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Feed-In Tariff: An Effective Policy to Deploy Renewables

Feed-In Tariff: An Effective Policy to Deploy Renewables

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Published by Carlos Rymer

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Categories:Types, Research, Science
Published by: Carlos Rymer on May 14, 2009
Copyright:Attribution Non-commercial

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05/11/2014

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Feed-In Tariff: An Effective Policy To DeployRenewable Energy Technologies
Carlos Rymer Cornell UniversityMay, 2008
 
1
Executive Summary
Peak oil and climate change have become major problems for society. Theincreasing price of oil and the effects of climate change are significantly burdeningthe world’s pursuit of economic growth. As a result, the world is quickly movingaway from fossil fuels and taking advantage of renewable sources of energy. Witha fast-growing renewable energy industry, it is possible for the world tosignificantly reduce its dependence on fossil fuel this century and reduce or eveneliminate greenhouse gases. To deploy renewable energy technologies, the feed-intariff has risen as the most effective policy to equitably and efficiently promoterenewable energy development. This is particularly true for countries highlydependent on oil imports, such as small island states. As the world shifts itstransportation infrastructure to electricity-based energy, renewable electricity promoted by feed-in tariffs will become more important. Already spreading aroundthe world rapidly, the feed-in tariff therefore has the potential to be one of the key policy tools used to shift the world’s energy mix away from fossil fuels and torenewable energies to address energy security, climate change, and economicgrowth.
 
2
Contents
Peak Oil and Climate Change: Motivators for Renewables
.....................3
Peak Oil
.............................................................................................................. 3
Climate Change
................................................................................................... 5
Overview of Renewable Energy Sources………………..
.......................9
Biodiesel
............................................................................................................. 9
Biomass
............................................................................................................ 10
Ethanol
.............................................................................................................. 11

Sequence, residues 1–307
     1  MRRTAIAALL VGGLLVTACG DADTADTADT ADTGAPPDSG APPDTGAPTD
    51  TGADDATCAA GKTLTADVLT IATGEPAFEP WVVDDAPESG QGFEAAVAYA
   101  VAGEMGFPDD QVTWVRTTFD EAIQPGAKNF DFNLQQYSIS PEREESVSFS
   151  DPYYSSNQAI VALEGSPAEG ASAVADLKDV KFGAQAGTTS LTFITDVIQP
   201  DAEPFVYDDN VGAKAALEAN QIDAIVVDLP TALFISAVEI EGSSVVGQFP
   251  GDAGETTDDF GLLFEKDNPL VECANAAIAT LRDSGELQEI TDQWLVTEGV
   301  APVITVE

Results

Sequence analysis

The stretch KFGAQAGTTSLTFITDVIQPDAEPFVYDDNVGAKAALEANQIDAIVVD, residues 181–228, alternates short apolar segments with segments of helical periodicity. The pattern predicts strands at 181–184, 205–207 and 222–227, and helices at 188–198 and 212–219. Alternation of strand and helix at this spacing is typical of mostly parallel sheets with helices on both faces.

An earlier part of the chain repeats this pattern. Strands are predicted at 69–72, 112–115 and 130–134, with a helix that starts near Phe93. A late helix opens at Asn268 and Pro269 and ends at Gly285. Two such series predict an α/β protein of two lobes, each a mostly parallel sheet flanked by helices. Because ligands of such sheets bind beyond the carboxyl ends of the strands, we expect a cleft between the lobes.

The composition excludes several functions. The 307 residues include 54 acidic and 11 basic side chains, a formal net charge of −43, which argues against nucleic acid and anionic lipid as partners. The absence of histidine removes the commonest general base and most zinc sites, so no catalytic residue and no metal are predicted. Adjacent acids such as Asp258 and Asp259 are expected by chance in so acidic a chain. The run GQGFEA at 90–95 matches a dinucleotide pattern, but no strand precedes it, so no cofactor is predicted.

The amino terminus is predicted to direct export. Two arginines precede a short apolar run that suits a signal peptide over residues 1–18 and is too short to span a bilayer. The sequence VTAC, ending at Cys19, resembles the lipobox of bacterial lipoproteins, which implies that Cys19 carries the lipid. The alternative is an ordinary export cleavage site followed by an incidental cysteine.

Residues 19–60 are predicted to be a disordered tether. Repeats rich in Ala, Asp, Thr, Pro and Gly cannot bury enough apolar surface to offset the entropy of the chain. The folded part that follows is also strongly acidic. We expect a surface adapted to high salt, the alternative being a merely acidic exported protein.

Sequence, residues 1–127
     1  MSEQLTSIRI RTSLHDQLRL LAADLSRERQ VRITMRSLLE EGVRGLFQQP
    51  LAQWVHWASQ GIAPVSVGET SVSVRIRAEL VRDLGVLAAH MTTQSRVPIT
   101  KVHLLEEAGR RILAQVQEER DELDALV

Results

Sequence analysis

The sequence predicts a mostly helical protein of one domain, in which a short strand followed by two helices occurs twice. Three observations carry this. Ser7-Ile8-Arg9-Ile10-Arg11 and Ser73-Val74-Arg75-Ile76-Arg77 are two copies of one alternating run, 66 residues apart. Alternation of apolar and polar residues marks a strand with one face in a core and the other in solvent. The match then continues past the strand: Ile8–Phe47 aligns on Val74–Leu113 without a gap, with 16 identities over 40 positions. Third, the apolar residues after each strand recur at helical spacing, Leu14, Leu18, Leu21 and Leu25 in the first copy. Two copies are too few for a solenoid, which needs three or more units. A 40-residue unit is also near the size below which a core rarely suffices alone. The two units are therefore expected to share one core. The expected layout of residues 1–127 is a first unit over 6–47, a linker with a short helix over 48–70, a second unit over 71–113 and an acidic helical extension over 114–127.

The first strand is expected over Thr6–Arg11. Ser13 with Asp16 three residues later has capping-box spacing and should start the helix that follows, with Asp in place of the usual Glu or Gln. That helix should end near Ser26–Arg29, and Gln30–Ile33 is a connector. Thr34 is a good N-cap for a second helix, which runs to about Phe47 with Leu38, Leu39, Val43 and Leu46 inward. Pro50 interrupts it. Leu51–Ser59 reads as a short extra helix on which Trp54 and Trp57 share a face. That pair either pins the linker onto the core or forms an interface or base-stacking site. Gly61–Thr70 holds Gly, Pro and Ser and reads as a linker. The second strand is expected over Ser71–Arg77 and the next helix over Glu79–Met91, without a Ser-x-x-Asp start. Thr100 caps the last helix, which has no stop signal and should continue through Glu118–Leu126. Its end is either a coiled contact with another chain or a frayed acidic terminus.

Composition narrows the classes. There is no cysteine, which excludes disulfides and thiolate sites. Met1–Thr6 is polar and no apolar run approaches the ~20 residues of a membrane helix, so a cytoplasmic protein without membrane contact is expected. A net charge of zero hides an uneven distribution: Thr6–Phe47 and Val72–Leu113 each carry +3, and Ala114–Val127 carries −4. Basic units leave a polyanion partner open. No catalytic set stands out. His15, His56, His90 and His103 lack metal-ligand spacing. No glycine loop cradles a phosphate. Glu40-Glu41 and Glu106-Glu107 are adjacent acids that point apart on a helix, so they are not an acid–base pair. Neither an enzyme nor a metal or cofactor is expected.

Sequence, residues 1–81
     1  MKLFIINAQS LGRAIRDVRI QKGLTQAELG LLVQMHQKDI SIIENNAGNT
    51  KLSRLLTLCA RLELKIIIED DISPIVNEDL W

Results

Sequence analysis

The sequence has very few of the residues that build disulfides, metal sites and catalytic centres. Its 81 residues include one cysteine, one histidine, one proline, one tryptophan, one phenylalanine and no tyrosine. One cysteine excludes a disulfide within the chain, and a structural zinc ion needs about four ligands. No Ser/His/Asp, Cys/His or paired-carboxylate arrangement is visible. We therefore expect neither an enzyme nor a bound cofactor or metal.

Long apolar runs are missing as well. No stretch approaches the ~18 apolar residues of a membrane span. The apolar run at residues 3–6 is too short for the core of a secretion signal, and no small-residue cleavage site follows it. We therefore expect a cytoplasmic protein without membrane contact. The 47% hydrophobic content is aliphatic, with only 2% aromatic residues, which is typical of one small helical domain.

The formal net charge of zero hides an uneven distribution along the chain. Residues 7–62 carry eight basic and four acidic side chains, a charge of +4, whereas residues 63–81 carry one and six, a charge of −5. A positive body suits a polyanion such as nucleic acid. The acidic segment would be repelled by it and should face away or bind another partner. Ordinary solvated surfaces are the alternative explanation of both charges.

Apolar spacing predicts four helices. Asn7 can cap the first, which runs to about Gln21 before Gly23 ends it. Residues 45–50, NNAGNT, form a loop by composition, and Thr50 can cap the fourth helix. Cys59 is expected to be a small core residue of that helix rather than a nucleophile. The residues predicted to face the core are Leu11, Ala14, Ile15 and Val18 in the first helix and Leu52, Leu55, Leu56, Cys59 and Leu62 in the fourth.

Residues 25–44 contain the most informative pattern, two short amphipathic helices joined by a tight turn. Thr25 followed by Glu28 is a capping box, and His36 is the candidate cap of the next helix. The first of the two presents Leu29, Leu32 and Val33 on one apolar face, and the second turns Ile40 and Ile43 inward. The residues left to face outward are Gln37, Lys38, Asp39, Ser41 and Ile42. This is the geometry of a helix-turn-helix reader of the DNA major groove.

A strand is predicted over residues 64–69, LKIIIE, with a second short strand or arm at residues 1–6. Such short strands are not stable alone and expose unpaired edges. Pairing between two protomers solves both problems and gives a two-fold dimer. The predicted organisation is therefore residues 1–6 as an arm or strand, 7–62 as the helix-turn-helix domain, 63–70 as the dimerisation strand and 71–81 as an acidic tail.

Geothermal
....................................................................................................... 12
Hydro
................................................................................................................ 13 
Ocean
................................................................................................................ 14 
Solar 
.................................................................................................................. 15
Wind
................................................................................................................. 18
The Feed-In Tariff 
................................................................................. 20
Additional Policy Options
..................................................................... 25
Cap-and-Trade
.................................................................................................. 25
Carbon Taxes
.................................................................................................... 27
Renewable Portfolio Standards
......................................................................... 29
Tax Incentives
................................................................................................... 30
Feed-In Tariffs Around the World
......................................................... 32
The Case for Oil-Importing Countries
................................................... 34
Application in the Caribbean
................................................................. 36
Conclusion
............................................................................................ 38
References
............................................................................................. 39
 

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